Thanks to their natural sweetness, sweet potatoes work insanely well with this spice blend. Although delicious, you don’t have to make oven chips like we did, you can just toss sweet potato wedges in the spices and some oil. Also thanks to their natural sweetness, they will not crisp up quite to the same degree as regular potatoes, but they are still very tasty. I ate almost three whole sweet potatoes on the day I shot this. I’m not proud (I’m sort of proud), I’m just trying to emphasize how good they were.

BBQ Spice Blend (and what to do with it)

The zucchini chips, I’ve been making for a long time. Every time I pull my dehydrator out for another reason, I’ll make a batch of these (and dehydrated pear chips). In my experience, you need a dehydrator to make these, but that’s why there are two other recipes. I can eat a lot of these too (and then picture them rehydrating into a zucchini in my stomach) (that’s how it works, isn’t it?). I hesitated including this recipe and don’t want to oversell it because I know many of you don’t have dehydrators, but they are really good, so give this recipe a shot if you have one.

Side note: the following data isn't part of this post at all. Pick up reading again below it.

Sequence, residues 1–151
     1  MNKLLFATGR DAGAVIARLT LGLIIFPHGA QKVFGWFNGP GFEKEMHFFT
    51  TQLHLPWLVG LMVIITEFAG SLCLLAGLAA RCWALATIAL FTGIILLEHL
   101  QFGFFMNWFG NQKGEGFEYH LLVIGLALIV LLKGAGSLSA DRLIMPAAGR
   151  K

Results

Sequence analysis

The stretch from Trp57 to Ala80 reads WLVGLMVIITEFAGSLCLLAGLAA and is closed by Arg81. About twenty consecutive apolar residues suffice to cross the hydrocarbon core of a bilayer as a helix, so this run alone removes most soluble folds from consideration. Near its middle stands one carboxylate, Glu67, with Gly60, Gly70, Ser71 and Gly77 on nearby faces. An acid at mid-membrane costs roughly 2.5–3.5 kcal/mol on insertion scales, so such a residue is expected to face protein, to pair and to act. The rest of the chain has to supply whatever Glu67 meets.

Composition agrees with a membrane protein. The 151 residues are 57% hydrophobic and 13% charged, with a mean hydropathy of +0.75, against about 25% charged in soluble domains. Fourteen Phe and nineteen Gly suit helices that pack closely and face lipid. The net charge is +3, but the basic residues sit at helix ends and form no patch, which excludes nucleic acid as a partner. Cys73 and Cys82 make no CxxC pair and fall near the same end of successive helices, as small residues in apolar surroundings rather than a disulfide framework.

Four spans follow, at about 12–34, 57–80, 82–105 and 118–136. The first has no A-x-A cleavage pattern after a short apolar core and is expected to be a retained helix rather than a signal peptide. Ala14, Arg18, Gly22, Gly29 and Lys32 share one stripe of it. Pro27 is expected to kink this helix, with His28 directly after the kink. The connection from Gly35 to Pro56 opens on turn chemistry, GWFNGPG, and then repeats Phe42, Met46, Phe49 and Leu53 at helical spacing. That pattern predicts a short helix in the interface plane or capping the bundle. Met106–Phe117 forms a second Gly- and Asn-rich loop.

BBQ Spice Blend (and what to do with it)BBQ Spice Blend (and what to do with it)

Other ideas for a BBQ spice blend? Toss with little cauliflower florets (or winter squash, or any of your favourite veggies, sort of like we did here) and some coconut oil and roast them up. Add some to your favourite veggie burger recipe. It’s great on popcorn, melted into some coconut oil. Not an everyday indulgence, but a good transition snack from BBQ chips. Massage into some torn up kale leaves (along with some coconut oil) for delicious oven-baked kale chips. It’s a great seasoning to add to your favourite chili recipes (this is ours, obvs). Stir into sautéed onions or a cashew cream to drizzle over a burrito bowl. Or just sprinkle it on some avocado and call it a day.